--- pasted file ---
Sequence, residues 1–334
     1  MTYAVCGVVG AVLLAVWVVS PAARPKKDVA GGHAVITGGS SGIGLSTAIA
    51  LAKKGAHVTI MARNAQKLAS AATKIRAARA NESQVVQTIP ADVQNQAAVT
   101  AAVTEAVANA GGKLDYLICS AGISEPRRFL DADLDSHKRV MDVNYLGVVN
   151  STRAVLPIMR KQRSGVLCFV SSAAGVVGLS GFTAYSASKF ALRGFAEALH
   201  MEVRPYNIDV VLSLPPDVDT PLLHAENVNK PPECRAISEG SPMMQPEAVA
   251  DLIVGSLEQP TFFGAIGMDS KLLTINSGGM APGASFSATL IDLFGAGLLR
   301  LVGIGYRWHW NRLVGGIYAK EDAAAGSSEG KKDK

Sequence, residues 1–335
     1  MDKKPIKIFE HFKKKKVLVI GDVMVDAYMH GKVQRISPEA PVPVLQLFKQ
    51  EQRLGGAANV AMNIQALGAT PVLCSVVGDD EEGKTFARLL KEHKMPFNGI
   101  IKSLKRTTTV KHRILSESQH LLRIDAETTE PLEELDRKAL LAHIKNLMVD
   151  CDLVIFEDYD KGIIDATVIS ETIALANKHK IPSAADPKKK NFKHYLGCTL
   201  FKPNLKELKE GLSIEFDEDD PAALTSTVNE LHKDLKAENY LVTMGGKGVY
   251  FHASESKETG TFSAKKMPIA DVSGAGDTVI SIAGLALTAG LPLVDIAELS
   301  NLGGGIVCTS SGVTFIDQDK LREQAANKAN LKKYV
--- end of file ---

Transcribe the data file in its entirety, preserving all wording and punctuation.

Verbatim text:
Sequence, residues 1–334
     1  MTYAVCGVVG AVLLAVWVVS PAARPKKDVA GGHAVITGGS SGIGLSTAIA
    51  LAKKGAHVTI MARNAQKLAS AATKIRAARA NESQVVQTIP ADVQNQAAVT
   101  AAVTEAVANA GGKLDYLICS AGISEPRRFL DADLDSHKRV MDVNYLGVVN
   151  STRAVLPIMR KQRSGVLCFV SSAAGVVGLS GFTAYSASKF ALRGFAEALH
   201  MEVRPYNIDV VLSLPPDVDT PLLHAENVNK PPECRAISEG SPMMQPEAVA
   251  DLIVGSLEQP TFFGAIGMDS KLLTINSGGM APGASFSATL IDLFGAGLLR
   301  LVGIGYRWHW NRLVGGIYAK EDAAAGSSEG KKDK

Sequence, residues 1–335
     1  MDKKPIKIFE HFKKKKVLVI GDVMVDAYMH GKVQRISPEA PVPVLQLFKQ
    51  EQRLGGAANV AMNIQALGAT PVLCSVVGDD EEGKTFARLL KEHKMPFNGI
   101  IKSLKRTTTV KHRILSESQH LLRIDAETTE PLEELDRKAL LAHIKNLMVD
   151  CDLVIFEDYD KGIIDATVIS ETIALANKHK IPSAADPKKK NFKHYLGCTL
   201  FKPNLKELKE GLSIEFDEDD PAALTSTVNE LHKDLKAENY LVTMGGKGVY
   251  FHASESKETG TFSAKKMPIA DVSGAGDTVI SIAGLALTAG LPLVDIAELS
   301  NLGGGIVCTS SGVTFIDQDK LREQAANKAN LKKYV